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The Travelling Band: Sails

review travelling band x1 cong

In many ways, The Travelling Band play admirable music but this is their sixth album and they’re still most famous for having their van and gear nicked from Levenshulme.

We play The Travelling Band’s last album The Big Defreeze quite a lot, the thought process being: “We’re a bit tired, let’s play something inoffensive but tuneful”. It’s a grown-up version of those baby albums you can get, where a xylophone plays Foo Fighters hits.

The Travelling Band’s problem seems to be that when most bands think a song is floundering, they tighten it up a bit or drop a change and fiddly bit, or shorten it. The Travelling Band hire a 23-piece choir and full orchestra in the belief that more is better. The song isn’t improved, it just sounds prettier. Still, their studio, their money.

Talking of which, we were warmed up for this by their excellent Pinhole Sounds EP, which had two tracks by them and three by other bands who’ve recorded at The Travelling Band studio.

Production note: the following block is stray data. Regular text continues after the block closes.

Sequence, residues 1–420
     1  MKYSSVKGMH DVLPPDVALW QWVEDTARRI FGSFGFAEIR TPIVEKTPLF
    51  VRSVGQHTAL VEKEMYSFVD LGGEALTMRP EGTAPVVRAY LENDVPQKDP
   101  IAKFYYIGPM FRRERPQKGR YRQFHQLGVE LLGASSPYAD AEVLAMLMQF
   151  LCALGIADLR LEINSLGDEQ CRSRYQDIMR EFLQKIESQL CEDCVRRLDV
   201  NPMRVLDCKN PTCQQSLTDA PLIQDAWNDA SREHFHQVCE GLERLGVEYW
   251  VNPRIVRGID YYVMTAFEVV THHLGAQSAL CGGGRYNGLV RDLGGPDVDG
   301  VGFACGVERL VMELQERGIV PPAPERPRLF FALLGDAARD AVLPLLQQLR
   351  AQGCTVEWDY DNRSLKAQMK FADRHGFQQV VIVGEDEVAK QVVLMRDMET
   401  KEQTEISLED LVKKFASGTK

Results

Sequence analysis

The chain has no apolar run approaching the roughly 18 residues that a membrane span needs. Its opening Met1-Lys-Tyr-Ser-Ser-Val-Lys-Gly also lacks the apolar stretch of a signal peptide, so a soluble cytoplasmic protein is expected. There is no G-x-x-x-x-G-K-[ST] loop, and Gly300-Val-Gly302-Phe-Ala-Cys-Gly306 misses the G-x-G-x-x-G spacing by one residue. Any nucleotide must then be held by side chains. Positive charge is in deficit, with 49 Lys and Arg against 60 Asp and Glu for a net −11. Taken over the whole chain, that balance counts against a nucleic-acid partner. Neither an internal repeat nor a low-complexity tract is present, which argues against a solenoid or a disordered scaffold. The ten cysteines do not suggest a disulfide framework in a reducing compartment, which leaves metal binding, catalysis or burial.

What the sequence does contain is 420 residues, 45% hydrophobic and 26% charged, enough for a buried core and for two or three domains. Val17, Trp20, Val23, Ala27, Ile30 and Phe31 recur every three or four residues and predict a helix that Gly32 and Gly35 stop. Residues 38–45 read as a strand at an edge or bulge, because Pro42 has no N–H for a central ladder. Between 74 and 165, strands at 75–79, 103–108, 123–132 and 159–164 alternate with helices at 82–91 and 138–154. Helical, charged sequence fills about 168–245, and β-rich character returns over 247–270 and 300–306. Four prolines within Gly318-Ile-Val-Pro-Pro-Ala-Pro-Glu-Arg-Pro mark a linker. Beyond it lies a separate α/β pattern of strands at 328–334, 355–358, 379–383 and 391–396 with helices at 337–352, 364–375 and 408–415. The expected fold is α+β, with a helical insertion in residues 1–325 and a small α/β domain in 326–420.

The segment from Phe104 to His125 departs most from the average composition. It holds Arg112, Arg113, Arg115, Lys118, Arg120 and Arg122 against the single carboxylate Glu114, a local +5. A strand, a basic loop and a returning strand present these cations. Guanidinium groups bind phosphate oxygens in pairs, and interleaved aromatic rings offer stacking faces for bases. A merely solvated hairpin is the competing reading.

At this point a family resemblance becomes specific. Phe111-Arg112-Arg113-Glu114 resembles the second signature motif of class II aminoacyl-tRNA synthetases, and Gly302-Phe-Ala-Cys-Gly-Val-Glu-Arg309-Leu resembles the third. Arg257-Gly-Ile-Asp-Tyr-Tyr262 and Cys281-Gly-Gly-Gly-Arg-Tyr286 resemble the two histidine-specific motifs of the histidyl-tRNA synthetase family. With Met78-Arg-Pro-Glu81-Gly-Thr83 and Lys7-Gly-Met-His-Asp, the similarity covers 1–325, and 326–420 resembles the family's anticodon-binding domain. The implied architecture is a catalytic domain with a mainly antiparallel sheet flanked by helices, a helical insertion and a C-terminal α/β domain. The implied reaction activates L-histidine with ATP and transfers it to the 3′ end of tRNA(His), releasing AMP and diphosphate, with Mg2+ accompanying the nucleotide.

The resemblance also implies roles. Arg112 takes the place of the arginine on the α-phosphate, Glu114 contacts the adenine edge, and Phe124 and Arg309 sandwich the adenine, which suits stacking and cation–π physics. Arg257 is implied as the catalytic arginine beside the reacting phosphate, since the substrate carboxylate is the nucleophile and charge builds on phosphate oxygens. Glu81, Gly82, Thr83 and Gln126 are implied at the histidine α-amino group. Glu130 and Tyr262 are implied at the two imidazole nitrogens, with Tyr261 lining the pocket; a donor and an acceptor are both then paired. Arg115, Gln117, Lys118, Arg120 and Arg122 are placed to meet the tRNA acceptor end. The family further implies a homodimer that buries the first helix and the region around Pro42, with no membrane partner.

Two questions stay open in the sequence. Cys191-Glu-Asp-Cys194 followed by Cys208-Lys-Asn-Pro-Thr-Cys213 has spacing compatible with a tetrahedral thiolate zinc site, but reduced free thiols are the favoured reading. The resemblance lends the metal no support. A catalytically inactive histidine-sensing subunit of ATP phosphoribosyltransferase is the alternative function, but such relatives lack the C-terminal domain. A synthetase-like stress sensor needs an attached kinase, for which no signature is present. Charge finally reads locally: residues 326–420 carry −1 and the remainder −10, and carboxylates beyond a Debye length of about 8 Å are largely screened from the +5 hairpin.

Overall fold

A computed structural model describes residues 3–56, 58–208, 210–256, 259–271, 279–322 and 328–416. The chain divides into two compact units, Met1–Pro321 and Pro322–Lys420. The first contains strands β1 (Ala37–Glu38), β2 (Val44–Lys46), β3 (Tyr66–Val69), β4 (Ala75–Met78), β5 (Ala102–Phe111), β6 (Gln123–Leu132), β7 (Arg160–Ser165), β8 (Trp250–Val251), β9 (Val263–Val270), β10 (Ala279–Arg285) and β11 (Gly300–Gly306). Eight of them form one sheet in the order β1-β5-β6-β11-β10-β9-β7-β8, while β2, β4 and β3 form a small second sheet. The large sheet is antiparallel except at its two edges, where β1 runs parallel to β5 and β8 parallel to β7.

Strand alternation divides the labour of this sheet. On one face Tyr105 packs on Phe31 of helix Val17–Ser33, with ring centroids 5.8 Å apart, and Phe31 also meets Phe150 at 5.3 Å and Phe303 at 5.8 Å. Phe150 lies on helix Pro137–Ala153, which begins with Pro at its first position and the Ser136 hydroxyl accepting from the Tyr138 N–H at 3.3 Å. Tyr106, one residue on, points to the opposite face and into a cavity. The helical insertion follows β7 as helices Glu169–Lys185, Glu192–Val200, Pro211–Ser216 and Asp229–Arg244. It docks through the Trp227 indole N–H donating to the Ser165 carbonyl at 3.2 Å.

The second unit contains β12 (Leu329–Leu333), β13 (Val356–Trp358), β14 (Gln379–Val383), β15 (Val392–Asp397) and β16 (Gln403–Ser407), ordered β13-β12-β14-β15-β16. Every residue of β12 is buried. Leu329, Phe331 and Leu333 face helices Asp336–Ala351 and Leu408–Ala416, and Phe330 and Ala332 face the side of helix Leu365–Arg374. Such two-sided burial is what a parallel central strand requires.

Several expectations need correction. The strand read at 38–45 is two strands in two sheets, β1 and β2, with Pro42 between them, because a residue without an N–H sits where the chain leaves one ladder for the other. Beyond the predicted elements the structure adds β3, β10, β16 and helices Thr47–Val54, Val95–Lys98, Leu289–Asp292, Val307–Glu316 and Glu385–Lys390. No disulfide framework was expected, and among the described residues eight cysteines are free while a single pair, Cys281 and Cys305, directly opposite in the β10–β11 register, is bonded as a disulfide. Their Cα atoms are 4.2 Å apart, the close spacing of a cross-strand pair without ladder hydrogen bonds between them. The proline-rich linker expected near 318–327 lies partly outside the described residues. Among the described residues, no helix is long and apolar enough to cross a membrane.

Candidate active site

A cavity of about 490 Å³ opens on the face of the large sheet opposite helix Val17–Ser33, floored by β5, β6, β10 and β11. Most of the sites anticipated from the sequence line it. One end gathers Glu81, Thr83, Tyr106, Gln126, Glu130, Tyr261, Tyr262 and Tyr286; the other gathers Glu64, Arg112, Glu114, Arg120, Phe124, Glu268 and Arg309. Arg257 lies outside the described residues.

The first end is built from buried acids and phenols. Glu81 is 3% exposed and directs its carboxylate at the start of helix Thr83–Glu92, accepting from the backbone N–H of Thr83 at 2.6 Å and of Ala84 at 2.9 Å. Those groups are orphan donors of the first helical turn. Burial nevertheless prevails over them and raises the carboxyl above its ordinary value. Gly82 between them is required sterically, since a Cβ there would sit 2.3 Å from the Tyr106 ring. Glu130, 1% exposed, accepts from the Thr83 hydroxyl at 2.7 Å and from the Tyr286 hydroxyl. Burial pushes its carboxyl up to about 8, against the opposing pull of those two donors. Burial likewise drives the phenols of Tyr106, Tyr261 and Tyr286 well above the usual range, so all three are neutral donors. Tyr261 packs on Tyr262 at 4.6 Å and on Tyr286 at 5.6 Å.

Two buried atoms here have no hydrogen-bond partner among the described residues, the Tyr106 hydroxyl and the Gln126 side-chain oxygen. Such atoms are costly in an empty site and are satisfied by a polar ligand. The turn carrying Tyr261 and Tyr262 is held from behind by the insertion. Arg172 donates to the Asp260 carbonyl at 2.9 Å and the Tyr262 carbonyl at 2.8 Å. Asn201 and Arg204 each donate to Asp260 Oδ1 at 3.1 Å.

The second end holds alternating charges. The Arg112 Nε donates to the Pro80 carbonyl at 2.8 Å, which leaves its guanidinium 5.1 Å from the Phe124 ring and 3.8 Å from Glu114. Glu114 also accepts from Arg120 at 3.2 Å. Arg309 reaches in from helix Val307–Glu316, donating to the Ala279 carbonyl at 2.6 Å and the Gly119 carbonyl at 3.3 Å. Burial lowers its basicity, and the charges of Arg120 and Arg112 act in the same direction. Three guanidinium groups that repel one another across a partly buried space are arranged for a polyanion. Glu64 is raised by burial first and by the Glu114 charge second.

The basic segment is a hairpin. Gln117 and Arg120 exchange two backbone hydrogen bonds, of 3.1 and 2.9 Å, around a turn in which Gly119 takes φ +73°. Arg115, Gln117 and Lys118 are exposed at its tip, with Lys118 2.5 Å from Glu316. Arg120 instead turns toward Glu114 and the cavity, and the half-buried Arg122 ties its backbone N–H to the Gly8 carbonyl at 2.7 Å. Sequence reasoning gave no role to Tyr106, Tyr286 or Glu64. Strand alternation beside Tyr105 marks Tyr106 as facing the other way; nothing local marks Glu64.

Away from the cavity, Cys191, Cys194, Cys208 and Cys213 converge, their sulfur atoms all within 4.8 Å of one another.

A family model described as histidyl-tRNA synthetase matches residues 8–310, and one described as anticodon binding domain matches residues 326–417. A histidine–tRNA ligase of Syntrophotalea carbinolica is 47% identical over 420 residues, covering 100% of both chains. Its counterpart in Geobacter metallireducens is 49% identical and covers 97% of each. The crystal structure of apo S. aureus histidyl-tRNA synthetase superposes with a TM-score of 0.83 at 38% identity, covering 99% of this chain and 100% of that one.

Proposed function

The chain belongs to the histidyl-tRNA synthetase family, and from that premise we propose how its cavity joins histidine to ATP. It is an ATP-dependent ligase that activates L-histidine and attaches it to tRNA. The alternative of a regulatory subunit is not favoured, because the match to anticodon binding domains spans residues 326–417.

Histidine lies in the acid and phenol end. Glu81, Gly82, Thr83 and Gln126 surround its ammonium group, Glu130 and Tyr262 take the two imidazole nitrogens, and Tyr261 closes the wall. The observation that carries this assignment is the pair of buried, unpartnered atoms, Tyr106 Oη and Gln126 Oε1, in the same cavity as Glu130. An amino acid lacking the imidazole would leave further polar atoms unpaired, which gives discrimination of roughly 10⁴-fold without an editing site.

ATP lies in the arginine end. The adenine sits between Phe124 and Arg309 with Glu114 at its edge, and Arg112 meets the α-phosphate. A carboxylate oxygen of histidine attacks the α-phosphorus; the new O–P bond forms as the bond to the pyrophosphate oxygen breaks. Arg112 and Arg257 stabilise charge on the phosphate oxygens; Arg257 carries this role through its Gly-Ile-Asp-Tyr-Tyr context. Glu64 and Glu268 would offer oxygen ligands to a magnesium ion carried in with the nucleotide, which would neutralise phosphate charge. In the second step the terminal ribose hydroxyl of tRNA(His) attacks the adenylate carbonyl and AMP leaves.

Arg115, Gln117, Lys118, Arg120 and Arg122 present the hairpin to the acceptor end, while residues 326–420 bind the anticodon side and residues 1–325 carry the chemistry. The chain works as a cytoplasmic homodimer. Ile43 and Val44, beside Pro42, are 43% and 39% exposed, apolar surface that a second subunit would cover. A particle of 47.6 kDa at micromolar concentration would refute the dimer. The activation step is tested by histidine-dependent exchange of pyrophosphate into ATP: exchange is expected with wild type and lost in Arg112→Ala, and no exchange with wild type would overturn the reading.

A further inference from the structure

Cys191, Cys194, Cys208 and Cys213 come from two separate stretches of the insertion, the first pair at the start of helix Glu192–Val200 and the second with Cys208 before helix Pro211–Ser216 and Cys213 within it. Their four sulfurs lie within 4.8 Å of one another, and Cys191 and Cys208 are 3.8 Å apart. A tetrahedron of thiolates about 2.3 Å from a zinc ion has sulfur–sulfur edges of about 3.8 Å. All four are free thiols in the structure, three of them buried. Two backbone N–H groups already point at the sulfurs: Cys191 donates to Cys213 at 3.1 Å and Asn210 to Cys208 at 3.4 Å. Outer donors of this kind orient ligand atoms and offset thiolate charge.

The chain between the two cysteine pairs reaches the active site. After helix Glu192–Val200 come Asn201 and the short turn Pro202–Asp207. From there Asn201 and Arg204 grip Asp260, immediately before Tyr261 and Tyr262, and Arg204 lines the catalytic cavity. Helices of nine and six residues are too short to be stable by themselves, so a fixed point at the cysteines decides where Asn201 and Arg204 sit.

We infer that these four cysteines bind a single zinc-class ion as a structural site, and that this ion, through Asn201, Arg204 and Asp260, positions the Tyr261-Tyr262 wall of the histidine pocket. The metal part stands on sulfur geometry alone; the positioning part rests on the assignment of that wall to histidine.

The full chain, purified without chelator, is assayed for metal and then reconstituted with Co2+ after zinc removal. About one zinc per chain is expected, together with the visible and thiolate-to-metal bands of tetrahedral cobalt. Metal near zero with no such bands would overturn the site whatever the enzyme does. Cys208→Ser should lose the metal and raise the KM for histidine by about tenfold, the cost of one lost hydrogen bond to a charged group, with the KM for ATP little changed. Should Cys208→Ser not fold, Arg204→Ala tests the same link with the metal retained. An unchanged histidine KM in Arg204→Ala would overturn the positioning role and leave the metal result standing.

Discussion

Wasted Eyes is on here and very jolly but track two was Borrowed and Blue, an excellent song that was recorded at the final gig for outgoing guitarist, Steve “Mugger” Mullen. There’s a great guitar solo but the live sound gives you more of an idea of what they’re trying to do, somewhere between Barclay James Harvest and Sad Café; Americana from Manchester with a hint of Nashville.

Album opener Moments Like Switches has a Death Cab For Cutie-style bass intro but gentler, and is followed by the previously mentioned Wasted Eyes, with a lively verse and a slower but grandiose chorus. Unlike You has similar lively feel.

Into The Water is rather like a pool of water, kind of going nowhere but strings and horns thrown in. Mopping Forwards is good, starting off as gentle indie pop via Neil Young’s Powderfinger before the piano is replaced by a twangy guitar solo, more guitar then a violin.

Last Night I Dreamt (of Killing You) is pretty good and almost veers into proper rock while the slower Failure Is A Bastard seems heartfelt.

It’s got its flaws — Loser is a bit of a miss, while even Keane would find Leftover Lines a bit weak.

Having said all that, it’s a definite step up and a sharper sound. Elbow and Doves battled for years, got good, and were then “suddenly” massive, and we can see The Travelling Band suddenly taking off. Well, taking off is a bit strong; “suddenly not languishing in relative obscurity”, maybe.

For people who like gentle Americana with country leanings and lavish production.


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